Food and Agriculture Organization of the United Nations
    FAO Data Lab

    Selected daily news on food chain disruptions and countries responses to the COVID-19 impact on food chains.

    A customer buying mangoes displayed on sale at a fruit stall in a street market in Sao Paulo.
    ©FAO/Miguel Schincariol


    The trade relationship between the European Union and the United Kingdom will not be the same after the end of this year, regardless of a definitive agreement being reached during the final negotiation talks: British businesses will have to take into account compliance with food standards and new tariffs, resulting in additional costs that may impact on consumer prices. The trade relationship between China and Australia seems to have reached a deadlock, too, as China is imposing sanctions on Australian food imports (beef, wine, barley) to push it to withdraw its criticisms. In the USA, beef prices are still affected by the coronavirus outbreaks in meatpacking plants months ago.

    Changes to EU-UK trade will eventually impact on food prices

    The United Kingdom will complete its withdrawal process from the European Union at the end of this year, when the country will be definitely outside of the EU’s Single Market. Therefore, various rule changes will impact on businesses and new trade barriers will be created, with or without a final agreement (a “soft” or “hard” Brexit): for example, traders will have to prove the compliance of their products with precise standards and a tariff payment will be required. This will also have a huge impact on thousands of vehicles carrying perishable goods like fresh seafood and vegetables or live animals, that will be stuck near the access roads to ports, with consequences also on consumer prices.


    China-Australia trade relationship may have hit peak in 2019-20

    China is currently absorbing around one third of all of Australia’s farm exports, and that’s why analysts believe that Australia has been over-reliant on a single overseas market for the last 14 years. This will probably represent an issue in the near future, as China has been using sanctions against key farm imports from Australia (such as beef, wine and barley) as a lever to force the country to withdraw some of its criticisms around the global pandemic’s epicentre or China’s ambitions in the South China Sea. This year, Australian exports to China further increased by 8%, but their trade relationship may have hit its peak.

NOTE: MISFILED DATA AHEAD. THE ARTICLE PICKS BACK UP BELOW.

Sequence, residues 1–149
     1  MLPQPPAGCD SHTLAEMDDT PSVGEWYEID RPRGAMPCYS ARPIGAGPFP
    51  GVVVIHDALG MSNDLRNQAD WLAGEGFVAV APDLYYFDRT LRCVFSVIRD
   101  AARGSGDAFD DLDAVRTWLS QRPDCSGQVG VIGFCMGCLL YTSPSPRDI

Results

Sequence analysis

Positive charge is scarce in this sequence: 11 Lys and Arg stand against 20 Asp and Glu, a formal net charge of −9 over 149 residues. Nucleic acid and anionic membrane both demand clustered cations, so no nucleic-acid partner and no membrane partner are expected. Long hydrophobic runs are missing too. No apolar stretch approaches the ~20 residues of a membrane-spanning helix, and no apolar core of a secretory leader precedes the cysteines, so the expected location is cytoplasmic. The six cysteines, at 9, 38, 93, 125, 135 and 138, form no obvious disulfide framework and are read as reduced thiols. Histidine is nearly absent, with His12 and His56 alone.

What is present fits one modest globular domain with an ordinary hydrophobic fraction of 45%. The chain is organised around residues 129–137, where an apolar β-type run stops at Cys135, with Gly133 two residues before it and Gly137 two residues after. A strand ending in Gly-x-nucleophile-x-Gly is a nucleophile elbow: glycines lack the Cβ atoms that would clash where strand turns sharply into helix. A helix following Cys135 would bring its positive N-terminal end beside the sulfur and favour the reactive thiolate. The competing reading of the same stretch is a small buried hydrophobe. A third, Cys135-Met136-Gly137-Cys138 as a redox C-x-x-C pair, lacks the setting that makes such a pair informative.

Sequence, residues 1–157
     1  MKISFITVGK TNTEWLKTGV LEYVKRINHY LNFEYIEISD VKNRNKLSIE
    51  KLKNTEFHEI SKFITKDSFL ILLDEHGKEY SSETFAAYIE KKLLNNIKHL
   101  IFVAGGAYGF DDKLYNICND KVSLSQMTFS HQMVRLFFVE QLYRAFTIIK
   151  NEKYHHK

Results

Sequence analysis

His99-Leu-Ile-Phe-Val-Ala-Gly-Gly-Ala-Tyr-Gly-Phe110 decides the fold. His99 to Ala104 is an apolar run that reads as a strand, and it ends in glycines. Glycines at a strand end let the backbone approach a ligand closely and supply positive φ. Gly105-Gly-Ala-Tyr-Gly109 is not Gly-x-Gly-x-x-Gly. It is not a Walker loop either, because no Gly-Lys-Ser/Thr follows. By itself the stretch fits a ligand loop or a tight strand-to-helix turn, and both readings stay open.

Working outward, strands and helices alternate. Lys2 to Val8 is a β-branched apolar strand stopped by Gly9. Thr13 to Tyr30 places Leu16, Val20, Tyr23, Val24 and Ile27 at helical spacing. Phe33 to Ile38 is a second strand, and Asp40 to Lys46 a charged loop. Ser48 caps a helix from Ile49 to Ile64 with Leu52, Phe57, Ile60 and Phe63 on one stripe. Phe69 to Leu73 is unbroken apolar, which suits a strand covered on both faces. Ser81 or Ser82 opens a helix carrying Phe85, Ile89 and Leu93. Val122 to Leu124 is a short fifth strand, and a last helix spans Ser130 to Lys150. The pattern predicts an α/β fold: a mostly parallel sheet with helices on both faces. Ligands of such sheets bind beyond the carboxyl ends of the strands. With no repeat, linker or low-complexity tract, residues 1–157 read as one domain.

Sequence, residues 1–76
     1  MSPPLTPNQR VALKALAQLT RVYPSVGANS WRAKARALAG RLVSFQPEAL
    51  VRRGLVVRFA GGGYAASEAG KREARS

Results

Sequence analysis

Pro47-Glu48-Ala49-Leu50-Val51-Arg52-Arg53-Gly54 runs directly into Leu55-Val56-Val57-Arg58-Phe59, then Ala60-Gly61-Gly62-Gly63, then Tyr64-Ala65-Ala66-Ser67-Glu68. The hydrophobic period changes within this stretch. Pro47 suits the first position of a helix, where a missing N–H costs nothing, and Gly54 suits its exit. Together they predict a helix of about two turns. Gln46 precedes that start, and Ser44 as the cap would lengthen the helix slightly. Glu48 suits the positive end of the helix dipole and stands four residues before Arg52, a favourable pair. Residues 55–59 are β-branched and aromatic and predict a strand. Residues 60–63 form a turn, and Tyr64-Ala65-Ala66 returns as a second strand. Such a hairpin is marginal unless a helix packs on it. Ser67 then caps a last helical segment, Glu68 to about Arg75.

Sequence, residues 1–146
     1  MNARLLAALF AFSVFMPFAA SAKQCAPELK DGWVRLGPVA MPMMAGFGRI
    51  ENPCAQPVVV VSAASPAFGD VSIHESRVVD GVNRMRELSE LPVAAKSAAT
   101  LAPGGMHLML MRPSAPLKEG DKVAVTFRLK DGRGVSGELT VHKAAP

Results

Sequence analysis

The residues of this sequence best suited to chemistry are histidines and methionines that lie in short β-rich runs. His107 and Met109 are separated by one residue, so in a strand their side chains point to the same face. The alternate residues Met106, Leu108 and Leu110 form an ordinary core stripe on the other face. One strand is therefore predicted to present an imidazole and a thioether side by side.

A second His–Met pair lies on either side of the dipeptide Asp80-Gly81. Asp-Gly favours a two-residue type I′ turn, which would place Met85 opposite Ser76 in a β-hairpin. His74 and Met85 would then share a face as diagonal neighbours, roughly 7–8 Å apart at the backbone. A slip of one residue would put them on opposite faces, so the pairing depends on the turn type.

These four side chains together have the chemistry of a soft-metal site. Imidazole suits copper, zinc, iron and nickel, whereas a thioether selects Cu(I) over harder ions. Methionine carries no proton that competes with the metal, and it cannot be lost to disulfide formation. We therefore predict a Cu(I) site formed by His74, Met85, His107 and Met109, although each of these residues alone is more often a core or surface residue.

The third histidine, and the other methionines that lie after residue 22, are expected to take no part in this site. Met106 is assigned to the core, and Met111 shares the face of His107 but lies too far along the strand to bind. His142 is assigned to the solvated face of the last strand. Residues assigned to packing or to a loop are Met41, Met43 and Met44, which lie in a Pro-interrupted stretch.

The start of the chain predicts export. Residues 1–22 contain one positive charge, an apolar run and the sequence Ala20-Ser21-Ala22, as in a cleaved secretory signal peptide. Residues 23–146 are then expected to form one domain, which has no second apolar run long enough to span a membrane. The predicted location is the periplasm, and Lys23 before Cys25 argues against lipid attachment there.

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    Beef prices still impacted by coronavirus outbreaks in US meatpacking plants

    Most of the United States’ meatpacking facilities are located near feedlots that are concentrated in just five states: Nebraska, Texas, Kansas, Iowa and Colorado. This lowers the costs associated with transporting cattle to processing and with feeding it. However, this concentration determines huge volumes of meat handled in those facilities, making plants particularly dependent on humans making the cuts: workers spend hours in close proximity, and this caused the big coronavirus outbreaks in May. One of the largest meatpacking firms in the US reported having spent USD 340 million on safety equipment, safety measures and employee bonuses related to Covid-19, and these costs still have an impact on consumer prices.